The departures from LTE depend on stellar parameters and the line under investigation. Most r-II stars are VMP cool giants, with the exception of a VMP dwarf discovered by Aoki et al. (2010). Barium and europium are represented in their spectra mostly in the resonance and low-excitation lines of the majority species, Ba ii and Eu ii. We performed NLTE calculations for Ba ii and Eu ii in a grid of model atmospheres with Teff = 45005250 K, log g = 1.02.75 and 4.8, [Fe/H] = −3 to −2, and element abundances characteristic of the r-II stars. In the SE computations, inelastic collisions with neutral hydrogen atoms were taken into account using the classical Drawin (1968, 1969) formalism with a scaling factor of SH = 0.01 for Ba ii and SH = 0.1 for Eu ii. This choice is based on our previous analyses of solar and stellar lines of these chemical species (Mashonkina & Gehren 2000). The investigated lines together with their atomic data are listed in Table 3. The results are presented as the LTE equivalent widths, EW (mÅ), and NLTE abundance corrections, ΔNLTE, in Table 7 for lines of Ba ii and Table 8 for lines of Eu ii.

As expected, the NLTE effects for Ba ii and Eu ii are minor in the atmosphere of the VMP dwarf (5010/4.8/−3.4), with ΔNLTE 0.03 dex in absolute value, and they grow towards lower gravity. For the VMP giant models, ΔNLTE is negative for the Ba ii 4554, 4934 Å resonance lines and low-excitation triplet lines at 5853, 6141, and 6496 Å. Positive NLTE corrections are predicted for the Ba ii 3891 and 4130 Å lines arising from the 6p sublevels. As shown in our previous study (Mashonkina et al. 1999), the departures from LTE for Ba ii depend not only on stellar parameters, but also on the element abundance itself. As can be seen in Table 7, this effect is notable in particular for Ba ii 5853, 6141, and 6496 Å. For example in the model atmosphere 4800/1.5/−3, the NLTE corrections of these lines reduce by 0.110.13 dex, in absolute value, when moving to a 0.4 dex lower Ba abundance. For lines of Eu ii, ΔNLTE is positive and ranges between 0.03 and 0.2 dex.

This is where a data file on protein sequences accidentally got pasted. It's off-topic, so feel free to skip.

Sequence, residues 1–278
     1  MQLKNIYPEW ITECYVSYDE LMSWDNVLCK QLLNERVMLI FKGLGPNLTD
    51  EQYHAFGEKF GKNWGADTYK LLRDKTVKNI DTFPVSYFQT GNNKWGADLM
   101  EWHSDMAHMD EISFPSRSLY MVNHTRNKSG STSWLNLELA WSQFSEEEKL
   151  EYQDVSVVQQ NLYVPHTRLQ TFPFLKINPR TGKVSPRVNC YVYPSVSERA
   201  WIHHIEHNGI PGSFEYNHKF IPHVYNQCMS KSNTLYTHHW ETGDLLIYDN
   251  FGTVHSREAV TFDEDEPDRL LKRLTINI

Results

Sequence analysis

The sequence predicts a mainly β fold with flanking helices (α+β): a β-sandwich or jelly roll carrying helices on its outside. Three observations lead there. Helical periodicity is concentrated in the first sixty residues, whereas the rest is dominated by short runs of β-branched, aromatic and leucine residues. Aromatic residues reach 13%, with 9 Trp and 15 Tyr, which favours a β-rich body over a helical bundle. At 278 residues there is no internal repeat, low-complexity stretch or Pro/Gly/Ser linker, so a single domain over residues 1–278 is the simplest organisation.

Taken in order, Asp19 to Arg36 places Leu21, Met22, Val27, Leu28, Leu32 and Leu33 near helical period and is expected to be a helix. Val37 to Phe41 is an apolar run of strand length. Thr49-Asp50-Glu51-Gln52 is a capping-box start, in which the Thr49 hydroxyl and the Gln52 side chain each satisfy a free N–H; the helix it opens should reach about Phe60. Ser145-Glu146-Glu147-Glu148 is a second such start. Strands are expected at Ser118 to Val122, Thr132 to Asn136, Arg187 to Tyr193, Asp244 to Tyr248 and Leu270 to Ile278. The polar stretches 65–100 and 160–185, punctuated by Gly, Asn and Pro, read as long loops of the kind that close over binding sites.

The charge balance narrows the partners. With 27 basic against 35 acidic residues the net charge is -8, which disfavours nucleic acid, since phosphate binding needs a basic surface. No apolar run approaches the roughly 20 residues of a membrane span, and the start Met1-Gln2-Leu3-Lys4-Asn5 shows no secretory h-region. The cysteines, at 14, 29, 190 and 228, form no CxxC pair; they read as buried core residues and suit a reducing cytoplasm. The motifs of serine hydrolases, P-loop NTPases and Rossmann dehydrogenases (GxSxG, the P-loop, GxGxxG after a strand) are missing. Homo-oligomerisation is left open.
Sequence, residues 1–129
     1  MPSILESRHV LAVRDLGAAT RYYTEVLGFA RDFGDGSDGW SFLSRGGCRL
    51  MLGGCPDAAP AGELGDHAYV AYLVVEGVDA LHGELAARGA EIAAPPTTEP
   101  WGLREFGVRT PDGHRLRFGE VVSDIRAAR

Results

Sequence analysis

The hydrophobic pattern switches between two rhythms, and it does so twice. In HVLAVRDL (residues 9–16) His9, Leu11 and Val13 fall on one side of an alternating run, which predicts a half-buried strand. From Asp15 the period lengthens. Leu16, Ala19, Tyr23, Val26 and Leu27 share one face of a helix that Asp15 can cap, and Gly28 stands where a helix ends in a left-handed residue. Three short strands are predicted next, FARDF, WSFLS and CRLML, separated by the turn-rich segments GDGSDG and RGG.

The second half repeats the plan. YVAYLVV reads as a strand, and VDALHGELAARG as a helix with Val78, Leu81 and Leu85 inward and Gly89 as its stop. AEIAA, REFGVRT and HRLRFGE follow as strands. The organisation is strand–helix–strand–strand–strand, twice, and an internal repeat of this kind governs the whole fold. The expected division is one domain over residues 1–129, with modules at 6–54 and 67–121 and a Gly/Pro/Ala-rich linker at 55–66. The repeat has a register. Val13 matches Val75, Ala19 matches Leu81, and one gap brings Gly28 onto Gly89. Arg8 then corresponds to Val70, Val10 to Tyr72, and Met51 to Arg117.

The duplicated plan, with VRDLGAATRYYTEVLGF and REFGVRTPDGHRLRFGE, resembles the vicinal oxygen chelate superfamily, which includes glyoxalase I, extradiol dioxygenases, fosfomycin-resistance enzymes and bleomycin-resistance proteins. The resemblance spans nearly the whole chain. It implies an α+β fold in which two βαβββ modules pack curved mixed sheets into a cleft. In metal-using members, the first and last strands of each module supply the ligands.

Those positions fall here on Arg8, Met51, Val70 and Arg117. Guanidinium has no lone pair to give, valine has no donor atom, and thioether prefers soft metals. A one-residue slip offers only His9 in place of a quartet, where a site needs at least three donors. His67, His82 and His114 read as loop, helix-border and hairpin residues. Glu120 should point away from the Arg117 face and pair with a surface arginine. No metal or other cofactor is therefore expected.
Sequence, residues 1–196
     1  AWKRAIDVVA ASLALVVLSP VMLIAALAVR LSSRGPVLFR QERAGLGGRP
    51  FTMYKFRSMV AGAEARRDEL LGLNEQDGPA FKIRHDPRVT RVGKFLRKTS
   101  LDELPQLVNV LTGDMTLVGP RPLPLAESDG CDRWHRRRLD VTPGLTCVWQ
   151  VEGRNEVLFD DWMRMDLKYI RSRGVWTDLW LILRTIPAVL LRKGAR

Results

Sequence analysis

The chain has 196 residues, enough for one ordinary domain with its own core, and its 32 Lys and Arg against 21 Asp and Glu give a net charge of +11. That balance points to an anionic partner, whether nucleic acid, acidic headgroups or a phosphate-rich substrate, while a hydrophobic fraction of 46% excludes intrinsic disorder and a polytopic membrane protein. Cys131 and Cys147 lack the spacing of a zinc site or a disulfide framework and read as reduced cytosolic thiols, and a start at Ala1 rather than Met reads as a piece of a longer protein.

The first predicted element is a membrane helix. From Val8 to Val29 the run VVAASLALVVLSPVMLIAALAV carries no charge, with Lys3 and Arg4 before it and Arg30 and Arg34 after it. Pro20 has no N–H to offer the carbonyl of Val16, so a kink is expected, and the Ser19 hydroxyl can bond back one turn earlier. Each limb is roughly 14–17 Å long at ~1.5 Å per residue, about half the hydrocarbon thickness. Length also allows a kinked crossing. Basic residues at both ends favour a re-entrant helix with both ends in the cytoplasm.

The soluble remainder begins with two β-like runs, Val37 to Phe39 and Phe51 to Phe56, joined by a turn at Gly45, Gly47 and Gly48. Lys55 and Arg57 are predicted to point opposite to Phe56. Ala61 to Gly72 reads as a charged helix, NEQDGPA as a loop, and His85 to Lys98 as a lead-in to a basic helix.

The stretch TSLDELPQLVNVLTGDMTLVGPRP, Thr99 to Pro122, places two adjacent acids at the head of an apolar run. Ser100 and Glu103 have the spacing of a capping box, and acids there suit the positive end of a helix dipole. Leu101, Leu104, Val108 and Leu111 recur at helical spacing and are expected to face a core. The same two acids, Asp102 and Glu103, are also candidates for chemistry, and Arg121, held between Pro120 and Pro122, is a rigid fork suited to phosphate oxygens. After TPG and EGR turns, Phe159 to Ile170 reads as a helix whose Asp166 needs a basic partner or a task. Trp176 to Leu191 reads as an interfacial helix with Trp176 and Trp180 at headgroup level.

2.2. HFS effects

Barium and europium are represented in nature by several isotopes (see Table 1 for isotopic abundances of the meteoritic matter). In the odd-atomic mass isotopes, nucleon-electron spin interactions lead to hyper-fine splitting of the energy levels, resulting in absorption lines divided into multiple components. The existence of isotopic splitting (IS) and/or HFS structure makes the line broader allowing more energy to be absorbed. Without accounting properly for IS and/or HFS structure, abundances determined from the lines sensitive to these effects can be severely overestimated.

Prominent Eu ii lines have very broad HFS and IS structure. For example Eu ii 4129 Å consists of, in total, 32 components with 180 mÅ wide patterns. Accurate HFS data for lines of Eu ii were provided by Lawler et al. (2001). For the isotope abundance ratio 151Eu:153Eu, most studies of the r-II stars used either the meteoritic ratio 47.8:52.2 (Table 1) or 50:50. Both choices are justified, because a pure r-process Eu isotope mixture is expected to be very similar to the SS mixture, as shown in Table 4. Furthermore, there is observational evidence for equal abundance fractions of 151Eu and 153Eu in the VMP stars, including the r-II star CS 22892-052, as reported by Sneden et al. (2002). Therefore, Eu abundances of the r-II stars available in the literature do not need a revision for the HFS effect.

Table 4

Ba and Eu isotope abundance fractions (%) in the r-process.